I arrived in Haiti in July of that year. Tensions still ran high but Church World Service staff and missionaries of various denominations thought Papa Doc had things under control. Although Barbot was still at large he had few supporters. Rumors had it that Barbot had not been caught because he had changed himself into a black dog so the army and militia shot every black dog they saw. Finally Barbot was caught and his corpse spent a week tied to a chair and sitting in a park near the presidential palace as warning to black dogs and potential rebels.
I worked most of my two years in Haiti in the American Baptist hospital Le Bon Samaritain in Limbe on the north coast. Rt. 1 (sometimes known as Route Only One) passed in front of the hospital, through the middle of town, and on to the north end of the road at Cap Haitian, fifteen miles east of Limbe. Port-au-Prince was the south end. It was the only paved road between the capitol and the north coast so, even though it was full of pot holes and narrow in the mountains, it was heavily traveled.
The hospital compound occupied about three acres with the hospital building running along the highway. About fifty yards back were a house where the doctor’s family lived, a house for the Haitian caretaker and his family, and a guest house where I lived. At the back of the compound was a house for temporary and short term workers. All the one story buildings were constructed of concrete blocks, white washed and had corrugated metal roofs.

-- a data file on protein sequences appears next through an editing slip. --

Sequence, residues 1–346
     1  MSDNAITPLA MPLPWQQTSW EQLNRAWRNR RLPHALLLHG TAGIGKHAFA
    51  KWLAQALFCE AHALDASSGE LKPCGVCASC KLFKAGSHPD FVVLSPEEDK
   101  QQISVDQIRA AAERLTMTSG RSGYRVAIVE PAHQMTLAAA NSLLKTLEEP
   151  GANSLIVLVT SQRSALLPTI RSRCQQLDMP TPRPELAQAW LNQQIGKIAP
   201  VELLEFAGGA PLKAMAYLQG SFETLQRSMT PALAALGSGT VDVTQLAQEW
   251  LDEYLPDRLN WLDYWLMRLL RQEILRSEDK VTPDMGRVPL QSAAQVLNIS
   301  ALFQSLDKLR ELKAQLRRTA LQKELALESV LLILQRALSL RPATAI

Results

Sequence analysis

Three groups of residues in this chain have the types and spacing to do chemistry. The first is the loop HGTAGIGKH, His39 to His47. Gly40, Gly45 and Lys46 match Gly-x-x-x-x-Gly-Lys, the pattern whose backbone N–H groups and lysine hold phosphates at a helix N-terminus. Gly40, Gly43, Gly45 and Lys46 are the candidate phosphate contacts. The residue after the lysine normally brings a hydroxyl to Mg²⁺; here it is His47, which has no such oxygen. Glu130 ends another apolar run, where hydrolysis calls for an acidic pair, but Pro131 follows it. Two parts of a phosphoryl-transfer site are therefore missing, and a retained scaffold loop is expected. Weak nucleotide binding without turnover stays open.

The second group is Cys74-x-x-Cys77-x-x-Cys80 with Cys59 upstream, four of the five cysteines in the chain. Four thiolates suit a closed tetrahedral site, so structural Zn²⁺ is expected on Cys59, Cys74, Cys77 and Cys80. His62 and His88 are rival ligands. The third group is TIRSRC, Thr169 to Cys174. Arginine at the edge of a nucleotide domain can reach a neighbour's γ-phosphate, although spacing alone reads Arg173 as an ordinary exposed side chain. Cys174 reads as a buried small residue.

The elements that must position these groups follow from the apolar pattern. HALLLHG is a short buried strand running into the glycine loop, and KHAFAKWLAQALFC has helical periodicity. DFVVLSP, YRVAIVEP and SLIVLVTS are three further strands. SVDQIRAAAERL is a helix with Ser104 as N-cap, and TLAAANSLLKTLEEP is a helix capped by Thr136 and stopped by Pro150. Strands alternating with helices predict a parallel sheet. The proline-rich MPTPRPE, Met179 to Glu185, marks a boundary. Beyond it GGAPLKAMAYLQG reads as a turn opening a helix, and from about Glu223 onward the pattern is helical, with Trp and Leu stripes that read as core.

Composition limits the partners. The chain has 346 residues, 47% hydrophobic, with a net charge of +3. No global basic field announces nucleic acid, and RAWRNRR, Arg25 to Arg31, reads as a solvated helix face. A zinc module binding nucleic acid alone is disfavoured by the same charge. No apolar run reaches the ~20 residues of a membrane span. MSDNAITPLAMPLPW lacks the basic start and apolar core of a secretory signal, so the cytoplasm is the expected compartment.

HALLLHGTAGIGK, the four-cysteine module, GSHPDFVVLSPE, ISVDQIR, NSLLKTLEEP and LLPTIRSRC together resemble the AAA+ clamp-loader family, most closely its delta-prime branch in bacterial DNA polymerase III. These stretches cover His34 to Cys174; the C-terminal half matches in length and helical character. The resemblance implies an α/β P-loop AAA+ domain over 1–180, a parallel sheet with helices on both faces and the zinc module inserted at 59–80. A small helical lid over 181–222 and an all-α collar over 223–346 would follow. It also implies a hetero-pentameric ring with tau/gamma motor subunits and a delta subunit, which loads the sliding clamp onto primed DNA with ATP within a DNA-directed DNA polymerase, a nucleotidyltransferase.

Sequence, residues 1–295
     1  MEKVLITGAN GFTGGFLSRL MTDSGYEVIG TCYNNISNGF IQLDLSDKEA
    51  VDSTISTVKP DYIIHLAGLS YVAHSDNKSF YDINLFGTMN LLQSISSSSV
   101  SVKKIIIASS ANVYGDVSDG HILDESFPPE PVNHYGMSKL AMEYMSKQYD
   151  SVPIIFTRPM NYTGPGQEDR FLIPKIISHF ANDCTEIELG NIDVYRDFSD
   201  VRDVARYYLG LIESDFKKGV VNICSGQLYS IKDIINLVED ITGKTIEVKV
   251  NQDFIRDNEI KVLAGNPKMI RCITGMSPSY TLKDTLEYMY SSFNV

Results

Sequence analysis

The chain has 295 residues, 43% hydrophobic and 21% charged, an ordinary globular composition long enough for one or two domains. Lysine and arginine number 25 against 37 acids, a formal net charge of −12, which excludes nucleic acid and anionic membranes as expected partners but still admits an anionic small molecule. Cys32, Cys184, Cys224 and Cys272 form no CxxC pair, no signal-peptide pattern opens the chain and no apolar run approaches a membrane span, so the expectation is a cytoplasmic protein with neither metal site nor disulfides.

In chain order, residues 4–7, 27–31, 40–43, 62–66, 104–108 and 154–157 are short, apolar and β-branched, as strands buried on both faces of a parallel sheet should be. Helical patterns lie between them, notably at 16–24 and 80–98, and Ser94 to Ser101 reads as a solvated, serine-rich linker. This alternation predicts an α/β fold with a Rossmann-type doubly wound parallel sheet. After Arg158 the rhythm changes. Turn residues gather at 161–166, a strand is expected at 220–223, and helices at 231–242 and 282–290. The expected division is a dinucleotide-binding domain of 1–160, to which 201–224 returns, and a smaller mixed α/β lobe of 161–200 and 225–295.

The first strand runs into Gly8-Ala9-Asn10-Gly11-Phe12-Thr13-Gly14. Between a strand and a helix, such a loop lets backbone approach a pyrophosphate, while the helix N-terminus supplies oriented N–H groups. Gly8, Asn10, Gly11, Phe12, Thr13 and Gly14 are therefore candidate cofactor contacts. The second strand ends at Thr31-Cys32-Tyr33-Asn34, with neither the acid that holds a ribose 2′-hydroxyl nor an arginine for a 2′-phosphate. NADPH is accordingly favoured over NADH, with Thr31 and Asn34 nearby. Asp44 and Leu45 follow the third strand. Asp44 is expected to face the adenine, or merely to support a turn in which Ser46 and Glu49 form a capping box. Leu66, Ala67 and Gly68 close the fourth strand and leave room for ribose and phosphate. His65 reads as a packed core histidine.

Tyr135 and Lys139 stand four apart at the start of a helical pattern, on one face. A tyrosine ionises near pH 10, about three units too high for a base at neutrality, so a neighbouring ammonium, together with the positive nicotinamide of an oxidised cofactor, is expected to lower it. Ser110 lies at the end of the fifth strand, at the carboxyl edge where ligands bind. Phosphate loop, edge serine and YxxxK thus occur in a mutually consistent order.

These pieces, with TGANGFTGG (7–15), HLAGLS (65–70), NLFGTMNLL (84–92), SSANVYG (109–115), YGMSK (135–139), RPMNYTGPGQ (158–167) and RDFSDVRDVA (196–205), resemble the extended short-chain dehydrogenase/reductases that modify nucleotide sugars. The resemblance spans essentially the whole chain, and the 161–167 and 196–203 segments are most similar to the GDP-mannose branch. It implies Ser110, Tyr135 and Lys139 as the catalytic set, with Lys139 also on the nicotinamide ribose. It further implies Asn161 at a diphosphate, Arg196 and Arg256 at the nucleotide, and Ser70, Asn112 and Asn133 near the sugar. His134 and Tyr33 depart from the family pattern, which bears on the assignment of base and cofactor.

Dr. Bill Hodges and his wife Joanna, a trained nurse, staffed the hospital along with 15 – 20 Haitians that the Hodges had trained. I worked in the laboratory with Celamise Cadet who had been trained by Dr. Hodges. Mostly we did exams on blood, urine and stool samples. Pregnant women and malnourished infants comprised the largest number of patients. In addition the doctor saw a number of new and retuning adult patients. Bill tried to limit the number of people he saw each day to seventy-five but at night there sometimes was a delivery the midwife couldn’t handle or another crisis so he was called and if he needed lab tests I was called too. Whenever a mother had problems with her delivery that needed a higher level of care I put her in the jeep and drove her into the hospital in Cap Haitian. As we bumped over the pot holes I worried that the baby might bounce out but that never happened.
I was in my mid-twenties and a curiosity to the young nurses at the hospital. As they bustled around in their white dresses, pink smocks and plastic sandals, they often stopped by the lab to ask Celamise about me. It wasn’t long before I knew enough Creole to have conversations with them. They wanted to know about my life in the US, if I had a girlfriend there (I did) and things they might expect if they moved there. They knew they weren’t qualified to be nurses so they asked how much domestics were paid. They wanted the American Dream of freedom and the good life.